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Contacts for Scholarly Publishing, Communication and Copyright

 

Logo for DAC  The Dartmouth Academic Commons  (DAC)

About  

Content  

Software and Architecture

Updates

Participate

Team

About

The Dartmouth Academic Commons (DAC) will provide access, preservation, and management over the long term for digital content created by members of the Dartmouth community. DAC is the repository for fulfilling the intent of the Dartmouth Faculty Open Access Policy. It is a joint project of Dartmouth’s Information Technology Services (ITS) and the Dartmouth College Library (DCL). ITS is responsible for Project Management, system architecture, and programming, and the DCL is focusing on the development of policies, the education and outreach components of the DAC project, and supporting the programming. The Council on the Libraries, composed of faculty, administrators and students at Dartmouth, is the key advisory group from the Dartmouth community for policies related to the development of DAC. 

Content

The materials deposited in DAC reflect the intellectual output of Dartmouth faculty, researchers, staff, and students, and is educational, scholarly, or research-oriented in nature. The first phase of deployment is focused on journal articles written by faculty, as well as ancillary materials, such as diagrams and photos. In later phases, content will include working and conference papers, technical reports, video, audio, and theses. If you need a repository at Dartmouth for the results of funded research such as articles, DAC will be a solution within 2016, but for data, see the Data Management Plans guide for lists of data repositories. 

Software and Architecture

The DAC is comprised of a suite of tools that includes collection, description, organization, storage, and preservation of content. Software in this suite includes Symplectic Elements, Hydra/Fedora and Blacklight. Other associated tools and resources include ORCID and the PlumX Dashboard.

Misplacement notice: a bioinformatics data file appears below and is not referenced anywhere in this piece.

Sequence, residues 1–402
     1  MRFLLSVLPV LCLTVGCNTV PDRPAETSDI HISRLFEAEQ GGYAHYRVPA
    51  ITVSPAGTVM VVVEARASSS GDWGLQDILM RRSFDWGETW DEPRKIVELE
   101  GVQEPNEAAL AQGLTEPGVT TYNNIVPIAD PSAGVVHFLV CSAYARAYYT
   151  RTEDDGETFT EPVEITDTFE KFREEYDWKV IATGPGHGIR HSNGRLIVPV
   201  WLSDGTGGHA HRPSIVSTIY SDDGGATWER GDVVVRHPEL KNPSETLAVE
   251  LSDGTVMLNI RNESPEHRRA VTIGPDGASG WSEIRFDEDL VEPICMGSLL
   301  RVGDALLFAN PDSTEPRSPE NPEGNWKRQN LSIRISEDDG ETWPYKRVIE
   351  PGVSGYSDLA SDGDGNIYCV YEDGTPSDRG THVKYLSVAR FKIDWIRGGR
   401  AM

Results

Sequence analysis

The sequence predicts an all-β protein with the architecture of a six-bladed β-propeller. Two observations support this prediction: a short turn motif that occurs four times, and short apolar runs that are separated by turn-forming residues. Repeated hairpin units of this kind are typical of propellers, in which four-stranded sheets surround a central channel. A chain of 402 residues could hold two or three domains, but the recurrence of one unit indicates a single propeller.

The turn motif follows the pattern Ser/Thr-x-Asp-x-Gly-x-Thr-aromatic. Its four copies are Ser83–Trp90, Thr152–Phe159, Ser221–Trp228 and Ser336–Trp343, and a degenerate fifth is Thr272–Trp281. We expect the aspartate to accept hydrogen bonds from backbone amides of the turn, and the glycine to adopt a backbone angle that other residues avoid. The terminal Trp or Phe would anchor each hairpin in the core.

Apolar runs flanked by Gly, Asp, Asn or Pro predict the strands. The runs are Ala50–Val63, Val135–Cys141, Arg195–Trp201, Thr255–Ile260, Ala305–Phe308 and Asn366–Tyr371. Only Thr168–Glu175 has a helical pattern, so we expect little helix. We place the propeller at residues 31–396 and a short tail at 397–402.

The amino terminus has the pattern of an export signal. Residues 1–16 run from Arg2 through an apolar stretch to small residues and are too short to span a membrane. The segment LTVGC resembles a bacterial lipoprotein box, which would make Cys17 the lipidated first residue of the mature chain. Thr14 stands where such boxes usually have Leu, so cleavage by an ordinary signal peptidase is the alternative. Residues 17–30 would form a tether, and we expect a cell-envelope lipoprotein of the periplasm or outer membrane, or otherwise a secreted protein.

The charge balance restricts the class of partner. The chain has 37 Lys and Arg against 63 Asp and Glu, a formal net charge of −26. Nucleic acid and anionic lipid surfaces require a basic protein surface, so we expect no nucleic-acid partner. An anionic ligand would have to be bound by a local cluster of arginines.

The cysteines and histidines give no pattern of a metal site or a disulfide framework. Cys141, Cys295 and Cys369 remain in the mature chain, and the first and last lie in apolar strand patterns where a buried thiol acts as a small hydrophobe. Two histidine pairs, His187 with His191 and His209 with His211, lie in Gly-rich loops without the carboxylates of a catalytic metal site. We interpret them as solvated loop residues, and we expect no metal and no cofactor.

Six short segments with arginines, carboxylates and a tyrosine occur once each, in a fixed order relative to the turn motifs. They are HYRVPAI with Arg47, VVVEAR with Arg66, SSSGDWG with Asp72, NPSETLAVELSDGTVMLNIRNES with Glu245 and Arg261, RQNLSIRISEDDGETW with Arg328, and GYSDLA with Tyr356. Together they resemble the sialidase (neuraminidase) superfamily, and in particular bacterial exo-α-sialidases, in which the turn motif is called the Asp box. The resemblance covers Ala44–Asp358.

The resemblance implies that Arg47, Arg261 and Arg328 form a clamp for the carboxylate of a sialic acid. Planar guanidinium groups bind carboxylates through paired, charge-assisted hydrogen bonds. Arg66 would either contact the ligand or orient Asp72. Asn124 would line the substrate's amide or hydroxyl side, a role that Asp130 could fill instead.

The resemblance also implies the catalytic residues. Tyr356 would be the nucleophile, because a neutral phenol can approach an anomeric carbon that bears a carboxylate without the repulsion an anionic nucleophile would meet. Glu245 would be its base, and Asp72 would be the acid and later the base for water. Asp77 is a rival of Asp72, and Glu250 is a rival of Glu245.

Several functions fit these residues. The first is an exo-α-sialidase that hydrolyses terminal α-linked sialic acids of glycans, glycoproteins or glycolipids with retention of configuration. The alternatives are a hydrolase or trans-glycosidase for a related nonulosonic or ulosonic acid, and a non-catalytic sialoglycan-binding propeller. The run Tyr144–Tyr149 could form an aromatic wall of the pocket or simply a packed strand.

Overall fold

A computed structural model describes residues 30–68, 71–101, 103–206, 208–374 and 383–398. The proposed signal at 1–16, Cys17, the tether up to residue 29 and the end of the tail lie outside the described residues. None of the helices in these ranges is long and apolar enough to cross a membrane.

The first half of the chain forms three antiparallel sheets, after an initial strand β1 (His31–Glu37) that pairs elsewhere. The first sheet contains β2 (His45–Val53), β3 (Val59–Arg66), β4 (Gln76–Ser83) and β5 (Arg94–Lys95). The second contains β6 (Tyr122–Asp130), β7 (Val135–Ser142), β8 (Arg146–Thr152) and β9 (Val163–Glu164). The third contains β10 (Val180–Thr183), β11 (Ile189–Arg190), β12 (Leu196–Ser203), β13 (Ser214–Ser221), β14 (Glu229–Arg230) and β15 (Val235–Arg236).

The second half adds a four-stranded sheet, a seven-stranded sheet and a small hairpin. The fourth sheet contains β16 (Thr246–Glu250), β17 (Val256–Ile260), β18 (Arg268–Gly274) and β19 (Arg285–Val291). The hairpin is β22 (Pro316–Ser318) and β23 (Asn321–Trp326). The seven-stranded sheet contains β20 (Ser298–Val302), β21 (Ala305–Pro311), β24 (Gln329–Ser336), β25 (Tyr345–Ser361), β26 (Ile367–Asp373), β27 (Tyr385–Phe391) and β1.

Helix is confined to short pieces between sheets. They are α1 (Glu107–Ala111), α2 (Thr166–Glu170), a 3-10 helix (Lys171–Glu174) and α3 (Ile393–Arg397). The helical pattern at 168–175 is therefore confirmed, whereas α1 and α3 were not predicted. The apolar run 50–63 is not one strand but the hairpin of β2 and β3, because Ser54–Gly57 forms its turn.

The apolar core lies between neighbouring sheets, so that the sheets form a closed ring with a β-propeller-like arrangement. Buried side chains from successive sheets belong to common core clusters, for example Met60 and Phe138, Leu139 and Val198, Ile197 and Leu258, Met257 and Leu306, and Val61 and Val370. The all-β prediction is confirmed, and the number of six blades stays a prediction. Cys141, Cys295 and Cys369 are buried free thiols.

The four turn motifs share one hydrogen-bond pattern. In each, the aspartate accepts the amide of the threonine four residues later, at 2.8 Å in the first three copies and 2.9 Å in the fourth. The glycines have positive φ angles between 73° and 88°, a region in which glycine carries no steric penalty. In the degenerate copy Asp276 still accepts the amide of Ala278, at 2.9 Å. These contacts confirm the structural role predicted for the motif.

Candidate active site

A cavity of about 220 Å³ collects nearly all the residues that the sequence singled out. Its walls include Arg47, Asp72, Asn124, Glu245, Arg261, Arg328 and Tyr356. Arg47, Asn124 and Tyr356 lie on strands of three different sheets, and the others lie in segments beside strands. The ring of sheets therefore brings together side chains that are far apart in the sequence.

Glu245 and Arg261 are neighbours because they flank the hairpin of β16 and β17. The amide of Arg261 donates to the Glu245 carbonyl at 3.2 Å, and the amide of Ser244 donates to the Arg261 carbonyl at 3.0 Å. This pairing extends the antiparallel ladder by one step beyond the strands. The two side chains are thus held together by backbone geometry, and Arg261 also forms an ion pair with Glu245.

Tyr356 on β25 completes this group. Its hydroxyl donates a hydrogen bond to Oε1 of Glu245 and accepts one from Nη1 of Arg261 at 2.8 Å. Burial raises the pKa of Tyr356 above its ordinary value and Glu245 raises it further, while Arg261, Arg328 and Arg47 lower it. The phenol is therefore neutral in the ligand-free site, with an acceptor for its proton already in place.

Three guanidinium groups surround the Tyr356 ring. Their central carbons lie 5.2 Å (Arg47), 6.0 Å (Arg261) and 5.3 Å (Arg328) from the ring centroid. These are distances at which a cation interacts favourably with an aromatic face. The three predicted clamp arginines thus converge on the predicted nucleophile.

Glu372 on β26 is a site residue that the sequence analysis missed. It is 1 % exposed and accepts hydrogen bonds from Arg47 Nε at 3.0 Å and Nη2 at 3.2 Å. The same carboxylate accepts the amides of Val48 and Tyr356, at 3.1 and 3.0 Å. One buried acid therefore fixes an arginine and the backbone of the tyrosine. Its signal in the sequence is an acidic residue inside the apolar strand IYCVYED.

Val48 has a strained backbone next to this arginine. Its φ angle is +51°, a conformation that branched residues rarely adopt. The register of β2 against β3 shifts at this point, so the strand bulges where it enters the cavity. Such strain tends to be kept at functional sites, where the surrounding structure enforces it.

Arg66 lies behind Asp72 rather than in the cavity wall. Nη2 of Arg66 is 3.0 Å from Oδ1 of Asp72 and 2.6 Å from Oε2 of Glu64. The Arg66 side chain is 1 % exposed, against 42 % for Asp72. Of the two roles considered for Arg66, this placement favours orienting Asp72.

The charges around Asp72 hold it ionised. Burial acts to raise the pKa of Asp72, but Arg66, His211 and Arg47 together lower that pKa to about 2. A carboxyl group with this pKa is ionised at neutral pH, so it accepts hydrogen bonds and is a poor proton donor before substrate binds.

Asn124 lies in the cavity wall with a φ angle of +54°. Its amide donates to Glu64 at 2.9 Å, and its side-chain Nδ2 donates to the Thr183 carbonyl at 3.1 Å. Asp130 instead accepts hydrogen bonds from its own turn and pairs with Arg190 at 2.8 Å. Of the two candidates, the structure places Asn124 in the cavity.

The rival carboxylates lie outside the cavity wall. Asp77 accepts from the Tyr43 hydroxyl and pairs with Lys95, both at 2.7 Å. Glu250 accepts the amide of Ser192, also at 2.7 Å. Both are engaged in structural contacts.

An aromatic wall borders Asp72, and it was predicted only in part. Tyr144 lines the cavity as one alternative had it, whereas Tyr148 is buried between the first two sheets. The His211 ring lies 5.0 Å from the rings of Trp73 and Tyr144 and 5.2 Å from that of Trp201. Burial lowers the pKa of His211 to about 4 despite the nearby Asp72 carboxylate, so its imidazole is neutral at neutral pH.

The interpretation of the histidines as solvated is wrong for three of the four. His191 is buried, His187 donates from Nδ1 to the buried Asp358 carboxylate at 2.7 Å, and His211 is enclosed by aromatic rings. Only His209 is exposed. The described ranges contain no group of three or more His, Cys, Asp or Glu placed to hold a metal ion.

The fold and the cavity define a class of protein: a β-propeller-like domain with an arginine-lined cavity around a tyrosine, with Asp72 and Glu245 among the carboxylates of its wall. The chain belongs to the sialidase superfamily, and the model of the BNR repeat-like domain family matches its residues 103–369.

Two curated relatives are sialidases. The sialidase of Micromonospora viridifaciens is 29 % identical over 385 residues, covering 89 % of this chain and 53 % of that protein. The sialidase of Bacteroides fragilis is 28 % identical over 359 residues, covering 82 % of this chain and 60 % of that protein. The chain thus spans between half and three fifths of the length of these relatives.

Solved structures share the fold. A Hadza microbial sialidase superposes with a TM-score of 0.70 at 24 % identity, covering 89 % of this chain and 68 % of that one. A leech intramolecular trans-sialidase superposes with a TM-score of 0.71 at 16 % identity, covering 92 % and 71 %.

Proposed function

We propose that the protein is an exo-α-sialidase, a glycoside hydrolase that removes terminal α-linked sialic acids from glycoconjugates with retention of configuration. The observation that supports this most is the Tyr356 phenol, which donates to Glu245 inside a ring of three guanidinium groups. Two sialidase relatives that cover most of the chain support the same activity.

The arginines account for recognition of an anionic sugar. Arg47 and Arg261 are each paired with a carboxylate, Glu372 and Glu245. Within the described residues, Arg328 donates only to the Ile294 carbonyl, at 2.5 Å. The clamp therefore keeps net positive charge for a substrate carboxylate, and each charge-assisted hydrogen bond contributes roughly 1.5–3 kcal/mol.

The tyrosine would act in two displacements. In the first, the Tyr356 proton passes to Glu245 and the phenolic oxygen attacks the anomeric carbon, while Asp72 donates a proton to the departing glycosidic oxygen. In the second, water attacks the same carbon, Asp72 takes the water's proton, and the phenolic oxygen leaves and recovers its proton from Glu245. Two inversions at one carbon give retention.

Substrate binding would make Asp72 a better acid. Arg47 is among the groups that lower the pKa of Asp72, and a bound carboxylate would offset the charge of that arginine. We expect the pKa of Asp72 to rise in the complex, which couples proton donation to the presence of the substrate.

Updates

Read about progress with DAC in the Scholarly Communication Lab at Dartmouth and contact us for more information. 

Participate

Though DAC is not yet ready, you can submit your articles through an interim submission process, and they will be included in DAC upon its launch. DAC will provide services that social and scholarly networking sites cannot, as it has a different mission:

  • DAC represents Dartmouth’s commitment to long-term preservation of and access to Dartmouth’s scholarly output.
  • DAC will fulfill the goals of the Dartmouth Open Access Policy by making scholarly work available to a wide audience freely without subscription.
  • As the digital repository of a non-profit institution, DAC will not sell your data, seek to make money from your scholarly work, post advertisements or overload your inbox with emails.
  • DAC will allow scholars to bulk export their citations and content for personal use and reporting. Social networking sites do not offer this.

Why should I participate in DAC when I already participate in ResearchGate and Academia.edu?

Participating in DAC does not preclude your participating in academic social networking sites. The University of California’s Scholarly Communication Office has written an article that explains the differences clearly:
“A social networking site is not an open access repository.”


The DAC core team:

Information Technology Services

Dartmouth College Library

  • Eric Bivona, Senior Programmer
  • Barbara DeFelice, Program Director for Scholarly Communication, Copyright and Publishing
  • Jen Green, Digital Scholarship Librarian
  • Anthony Helm, Head of Digital Media and Library Technologies
  • Carla Galarza, Programmer

Additional Dartmouth staff work on other aspects of the project.

Last Updated: 2/27/17